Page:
Welcome to the second blog of this series. CABI recently hosted a webinar on Opening up agricultural research and data with a great panel of expert speakers who highlighted some of the many opportunities inherent in “open agriculture” (click here to view the webinar).
In the first blog of the series, I looked at how funders and the corporate sector see the potential of open agriculture. While it is clear that funders can wield a lot of power to drive change, it is researchers who actually implement open science. And that is a challenge because for many researchers this is just another drain on their already limited time. Medha Devare, Agronomist and Data Architect from the International Food Policy Research Institute, discussed Incentivising Agricultural Researchers to Share Open and Interoperable Data, looking at this through the eyes of the busy researcher.
Medha has been tackling this as module lead for the CGIAR’s Big Data Platform for Agriculture. As farming becomes increasingly more digital, big data technologies can help provide solutions and options for farmers. This requires the ability to aggregate, harmonise, visualise, analyse, and interpret data from a host of different sources. This extends well beyond publications to data that is FAIRER (Findable, Accessible, Interoperable, Reusable, Ethical and Reproducible). At CGIAR the mantra is KISR – Keep It Simple for Researchers – and comes with a focus on three core questions.
1. What do I need to do?
This requires having clear policies that describe what is expected and required at CGIAR, spanning open access and data management. The policies at the CGIAR are in the process of revision at the moment supported by CABI.
2. How do I do it?
Researchers need support on how to comply with the policies and some hand-holding. Many CG centres have tested data-sprints or curathons, and a comprehensive 5-module online training course is also freely available (check it out here). There is also a data ecosystem that extends from data discovery to data analysis and visualisation tools, making it available for external users. The GARDIAN data portal allows users to explore datasets and collaborate on data projects. This is backed up with suggested FAIR data workflows, and data ontologies. Of course, some of this comes at a cost, with a benchmark of around 5% of a project’s cost being recommended and ideally covered by research project funds.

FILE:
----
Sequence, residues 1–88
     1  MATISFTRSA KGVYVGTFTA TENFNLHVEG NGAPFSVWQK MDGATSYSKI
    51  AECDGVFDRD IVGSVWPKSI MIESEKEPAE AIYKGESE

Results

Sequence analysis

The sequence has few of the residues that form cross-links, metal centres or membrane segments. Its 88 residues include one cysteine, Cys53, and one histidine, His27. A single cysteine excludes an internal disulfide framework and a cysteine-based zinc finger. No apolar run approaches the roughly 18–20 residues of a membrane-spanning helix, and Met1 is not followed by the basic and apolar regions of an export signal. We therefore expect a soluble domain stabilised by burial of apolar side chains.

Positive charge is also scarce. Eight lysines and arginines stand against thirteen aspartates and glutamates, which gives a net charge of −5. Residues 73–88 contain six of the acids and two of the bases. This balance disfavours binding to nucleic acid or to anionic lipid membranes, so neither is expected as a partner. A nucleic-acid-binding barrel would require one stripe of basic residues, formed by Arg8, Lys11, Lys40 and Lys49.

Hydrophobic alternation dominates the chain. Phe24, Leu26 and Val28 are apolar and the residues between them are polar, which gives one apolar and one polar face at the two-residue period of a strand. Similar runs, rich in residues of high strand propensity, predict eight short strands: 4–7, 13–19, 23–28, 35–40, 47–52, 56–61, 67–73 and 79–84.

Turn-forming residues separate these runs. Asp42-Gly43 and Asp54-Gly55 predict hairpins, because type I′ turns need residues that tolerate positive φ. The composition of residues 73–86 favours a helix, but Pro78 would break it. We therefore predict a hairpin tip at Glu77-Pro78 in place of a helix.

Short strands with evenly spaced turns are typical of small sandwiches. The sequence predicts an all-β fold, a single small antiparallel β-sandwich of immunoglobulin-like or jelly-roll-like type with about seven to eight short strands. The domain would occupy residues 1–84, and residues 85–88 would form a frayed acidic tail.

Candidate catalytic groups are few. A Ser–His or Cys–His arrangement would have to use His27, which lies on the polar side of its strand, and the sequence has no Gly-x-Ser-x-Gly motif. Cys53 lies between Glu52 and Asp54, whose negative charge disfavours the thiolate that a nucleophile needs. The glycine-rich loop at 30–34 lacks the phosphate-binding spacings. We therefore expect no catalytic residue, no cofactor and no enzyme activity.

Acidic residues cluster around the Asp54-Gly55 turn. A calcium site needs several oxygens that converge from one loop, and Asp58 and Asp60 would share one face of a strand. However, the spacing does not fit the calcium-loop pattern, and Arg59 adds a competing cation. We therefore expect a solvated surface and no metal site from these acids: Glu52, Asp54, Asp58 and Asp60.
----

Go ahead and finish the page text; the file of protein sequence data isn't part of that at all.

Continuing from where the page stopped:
3. Why do I need to do this?
In part, this is about inspiring researchers to see the potential unlocked by opening up data. Medha showed a PLOS One paper combining 108 datasets from 760 locations to answer the critical question: where in sub-Saharan Africa is fertilizer use profitable? It’s also about some carrots and sticks, with the potential to use annual evaluation metrics and salary increments at the researcher level. At the project level key performance indicators can drive accountability which can be further enhanced if projects cannot close until data compliance has been demonstrated. Finally, Medha highlighted that funders can drive behaviours, and there need to be consequences for non-compliance.
It may seem obvious that opening up access to research outputs is good for researchers around the world, especially those in countries that may not be in a position to subscribe to expensive journal collections. While this is essentially true, Andy Nobes from INASP highlighted that open access presents both opportunities and challenges for low- and middle-income countries.
INASP was commissioned by the UK’s Foreign, Commonwealth and Development Office to investigate the downstream consequences of implementing its open access strategy, taking into account the impact on low- and middle-income countries (LMICs). The report suggests that a shift to open access as the default mode of publishing may have an unintended impact on global research equity.
Researchers in LMICs face a number of challenges, ranging from differential access to resources, networks and publishing infrastructure, to the power dynamics within the global research system. The report identified tensions between open access and the “game of scholarly publishing” with its complex relationships to academic prestige, reputation and impact. Ironically, a well-intended push to open access may simply shift the barrier from unaffordable pay-to-read subscriptions, to unaffordable pay-to-publish charges.